However, while land / site shortage is a key issue driving prices up in Sydney, these changes may have a downward pressure on acquisition costs.  As a minimum, it may bring balance back to a currently overweighted market.

One to watch

Of note for developers is the new building defect bond scheme which will come into force on 1 July 2017.  Once again, a welcome change that will protect property buyers as well as quality developers.  We will wait with interest to see how many truly bad developers decide to take their money and move onto another line of work, as the scheme holds significant penalties for poor building practices that to date have been borne by purchasers.

Other reforms include :

  • strengthening the accountability of strata managers
  • allowing owners to adopt modern technology to conduct meetings, vote, communicate and administer their scheme
  • the need for owners to review by-laws (strata community rules) within 12 months, which can be customised to suit their lifestyle – such as whether to allow owners to keep a pet by giving notice to the owners corporation
  • a simpler, clearer process for dealing with disputes
  • broadening tenant participation in meetings
  • a new option to manage unauthorised parking through a commercial arrangement between a local council and a strata scheme
  • a clearer and simpler three-tier renovations process, which waives approval for cosmetic renovations within the strata lot (for example, installing handrails for safety)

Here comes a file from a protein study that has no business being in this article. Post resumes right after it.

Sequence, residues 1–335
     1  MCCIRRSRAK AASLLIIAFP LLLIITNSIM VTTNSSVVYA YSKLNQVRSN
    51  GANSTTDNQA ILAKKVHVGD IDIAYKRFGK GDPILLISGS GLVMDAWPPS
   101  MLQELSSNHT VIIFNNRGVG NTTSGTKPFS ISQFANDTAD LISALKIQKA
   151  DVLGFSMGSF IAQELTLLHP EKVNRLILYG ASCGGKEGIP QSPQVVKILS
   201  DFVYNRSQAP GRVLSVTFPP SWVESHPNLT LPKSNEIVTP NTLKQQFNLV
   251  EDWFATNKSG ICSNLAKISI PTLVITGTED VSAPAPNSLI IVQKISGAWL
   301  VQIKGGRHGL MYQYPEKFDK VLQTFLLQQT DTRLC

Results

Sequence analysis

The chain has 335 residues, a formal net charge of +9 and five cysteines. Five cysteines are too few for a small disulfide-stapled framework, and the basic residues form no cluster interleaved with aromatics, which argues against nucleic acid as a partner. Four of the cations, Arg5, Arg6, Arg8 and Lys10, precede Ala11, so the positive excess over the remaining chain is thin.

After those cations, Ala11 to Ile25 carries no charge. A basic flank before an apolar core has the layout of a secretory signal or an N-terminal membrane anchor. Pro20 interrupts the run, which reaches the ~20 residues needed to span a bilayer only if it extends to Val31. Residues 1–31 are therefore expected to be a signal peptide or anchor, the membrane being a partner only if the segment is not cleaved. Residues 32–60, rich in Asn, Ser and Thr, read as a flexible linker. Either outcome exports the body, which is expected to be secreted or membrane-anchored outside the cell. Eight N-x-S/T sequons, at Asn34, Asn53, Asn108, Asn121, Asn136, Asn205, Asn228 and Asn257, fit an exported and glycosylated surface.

• further measures to reduce red tape, such as simplifying financial statements for owners.


Buy smarter = limitless ways to build lifetime income

Crave Property Advisory is a unique property strategy and buyers agent service. As the only independent and unbiased advisory that can help you use any property strategy Australia-wide, Crave’s services extend to home, investment and commercial property.  A highly client focused organization, Crave developed the Modular Investing System (MI System) to provide clients with the ability to use a tailored mix of strategies and efficiently build profitable portfolios that create lifetime income. 

Debra Beck-Mewing is the CEO of Crave Property Advisory, and has more than 20 years’ experience in property investing, Australia-wide. She has used a range of strategies to build her property portfolio including renovating, granny flats, sub-division and development. Debra is skilled in identifying development opportunities, and sourcing properties that have multiple uses and multiple exit strategies. She is a Qualified Property Investment Advisor, licensed real estate agent and also holds a Bachelor of Commerce and Master of Business.

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Disclaimer – This information is of a general nature only and does not constitute professional advice.  We strongly recommend you seek your own professional advice in relation to your particular circumstances.